It will take around 4-6 months before your Hugelkultur bed is ready for planting and you can reap the rewards of a bountiful harvest.

2. Make organic mulch

Mowing the lawn and grasscycling to mulch the grass

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There are numerous types of mulch that you can make using garden waste. Mulch adds nutrients to the soil, helps to retain moisture, insulates against cold weather, and also keeps down weeds.

Matchstick mulch uses the stems of herbaceous perennials and ornamental grasses to create a nutritious organic addition to your beds. Simply cut the stems into matchstick-length pieces using hand shears, and then spread these around your plants.

Wood chip mulch is useful where you have a lot of logs and access to a wood chipper – if not, you could consider renting one. As well as mulch, wood chips can be used to make informal paths.

Leaf mulch is easy to make using a lawn mower. Most gardens have a pile up of leaves in their garden during fall and winter, and they are filled with nutrients that can benefit the soil. It’s best to dry the leaves before shredding them, but you can also use leaves after the season that have been moist and developed into leaf mold. Spread your leaf mulch around 2 to 3 inches (5 to 7.5cm) thick over perennial beds.

Grass mulch enables your grass clippings to be recycled back down into the lawn – also known as grasscycling. The easiest way to do this is to use a mulching lawn mower, which will finely shred the blades and distribute them into the grass. However, as long as you do not cut off too much grass at any one time, you can use a regular mower with the collection box removed. Clippings shorter than 1 inch (2.5cm) will quickly break down into the soil. Longer clippings can be collected and either used as mulch around established plants, or dug into the soil.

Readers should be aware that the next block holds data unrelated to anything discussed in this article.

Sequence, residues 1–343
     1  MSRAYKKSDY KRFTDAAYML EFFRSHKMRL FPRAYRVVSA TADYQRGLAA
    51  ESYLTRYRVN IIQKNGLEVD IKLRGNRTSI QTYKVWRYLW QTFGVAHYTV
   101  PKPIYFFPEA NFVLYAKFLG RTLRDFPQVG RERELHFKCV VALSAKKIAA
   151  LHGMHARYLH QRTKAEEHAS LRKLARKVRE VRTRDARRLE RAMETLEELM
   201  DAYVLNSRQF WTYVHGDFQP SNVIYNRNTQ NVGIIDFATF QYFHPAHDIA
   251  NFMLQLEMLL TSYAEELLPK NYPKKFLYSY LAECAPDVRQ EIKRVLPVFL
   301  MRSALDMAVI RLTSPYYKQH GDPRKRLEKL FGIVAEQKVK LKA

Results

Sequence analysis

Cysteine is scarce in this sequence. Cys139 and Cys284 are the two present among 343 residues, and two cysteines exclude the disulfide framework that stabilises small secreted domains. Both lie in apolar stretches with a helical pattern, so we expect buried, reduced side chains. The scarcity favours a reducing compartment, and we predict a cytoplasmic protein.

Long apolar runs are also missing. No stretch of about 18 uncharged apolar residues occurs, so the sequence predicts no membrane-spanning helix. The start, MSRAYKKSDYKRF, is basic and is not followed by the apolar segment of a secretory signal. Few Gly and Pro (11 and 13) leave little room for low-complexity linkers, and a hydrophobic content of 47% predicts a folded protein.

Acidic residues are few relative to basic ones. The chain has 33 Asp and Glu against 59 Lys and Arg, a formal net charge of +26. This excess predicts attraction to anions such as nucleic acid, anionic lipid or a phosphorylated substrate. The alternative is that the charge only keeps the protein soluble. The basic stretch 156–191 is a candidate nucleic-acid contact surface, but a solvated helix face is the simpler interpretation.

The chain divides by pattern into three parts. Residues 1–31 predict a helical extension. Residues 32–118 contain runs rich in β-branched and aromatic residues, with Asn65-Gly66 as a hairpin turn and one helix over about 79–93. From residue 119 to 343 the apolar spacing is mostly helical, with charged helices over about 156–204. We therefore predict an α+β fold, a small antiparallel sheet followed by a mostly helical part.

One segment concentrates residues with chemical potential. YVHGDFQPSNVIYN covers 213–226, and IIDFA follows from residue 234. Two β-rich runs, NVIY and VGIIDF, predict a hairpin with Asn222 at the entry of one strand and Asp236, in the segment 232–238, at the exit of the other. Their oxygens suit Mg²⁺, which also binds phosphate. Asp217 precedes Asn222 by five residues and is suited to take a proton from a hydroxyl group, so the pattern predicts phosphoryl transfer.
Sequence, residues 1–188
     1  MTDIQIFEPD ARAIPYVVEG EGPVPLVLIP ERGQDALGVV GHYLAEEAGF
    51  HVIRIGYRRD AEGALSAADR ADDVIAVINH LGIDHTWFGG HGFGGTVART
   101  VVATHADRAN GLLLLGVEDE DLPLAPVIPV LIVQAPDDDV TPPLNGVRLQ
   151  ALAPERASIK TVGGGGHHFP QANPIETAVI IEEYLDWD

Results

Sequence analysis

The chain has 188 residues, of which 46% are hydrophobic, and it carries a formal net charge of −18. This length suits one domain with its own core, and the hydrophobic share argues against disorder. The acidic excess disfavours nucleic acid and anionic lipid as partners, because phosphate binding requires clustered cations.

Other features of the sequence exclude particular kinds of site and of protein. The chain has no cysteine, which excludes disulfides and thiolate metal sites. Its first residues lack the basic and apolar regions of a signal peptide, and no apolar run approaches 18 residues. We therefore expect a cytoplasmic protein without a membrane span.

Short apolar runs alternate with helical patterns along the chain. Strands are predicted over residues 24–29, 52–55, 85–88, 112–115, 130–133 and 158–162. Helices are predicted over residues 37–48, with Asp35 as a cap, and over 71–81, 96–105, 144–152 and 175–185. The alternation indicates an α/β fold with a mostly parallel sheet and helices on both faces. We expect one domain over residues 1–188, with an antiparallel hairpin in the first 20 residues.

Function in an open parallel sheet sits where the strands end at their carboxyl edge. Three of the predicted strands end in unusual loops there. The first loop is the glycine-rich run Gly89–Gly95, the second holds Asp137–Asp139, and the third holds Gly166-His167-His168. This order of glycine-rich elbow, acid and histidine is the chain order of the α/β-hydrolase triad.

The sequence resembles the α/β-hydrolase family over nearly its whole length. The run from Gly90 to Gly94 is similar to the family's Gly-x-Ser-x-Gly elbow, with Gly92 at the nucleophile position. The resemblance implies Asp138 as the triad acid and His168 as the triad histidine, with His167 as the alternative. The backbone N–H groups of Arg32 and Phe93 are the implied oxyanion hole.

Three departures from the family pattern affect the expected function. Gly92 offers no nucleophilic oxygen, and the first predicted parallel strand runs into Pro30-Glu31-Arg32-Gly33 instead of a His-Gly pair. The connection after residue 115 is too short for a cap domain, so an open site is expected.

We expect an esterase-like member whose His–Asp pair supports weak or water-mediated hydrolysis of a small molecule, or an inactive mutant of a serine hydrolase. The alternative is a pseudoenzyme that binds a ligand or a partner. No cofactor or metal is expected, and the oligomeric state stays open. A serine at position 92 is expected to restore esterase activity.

3. Build a home for wildlife

Bug hotel called Bugingham Palace

(Image credit: Getty Images)

A pile of logs, sticks, and dried, hollow plant stems makes a wonderful home for creepy crawlies. Add structure with bricks and old terracotta pots, include some pinecones, and stuff in dried leaves between the gaps.

Once the wood starts to break down, your bug hotel will be teeming with minibeasts – which will be a draw for other beneficial wildlife.

A bug hotel might not be the most glamorous addition to the garden, but it will help to promote biodiversity and support local wildlife.

Melanie Griffiths
Senior Editor

Melanie has worked in homes and gardens media for two decades. Having previously served as Editor on Period Living magazine, and worked on Homes & Gardens, Gardening Etc, Real Homes, and Homebuilding & Renovating, she is now focusing on her passion for gardening as a Senior Editor at Gardening Know How.

Melanie has spent the last few years transforming her own garden, and is also a keen home grower, having experimented with pretty much every type of vegetable at some point.

In her spare time, she loves to explore inspiring gardens and historic properties.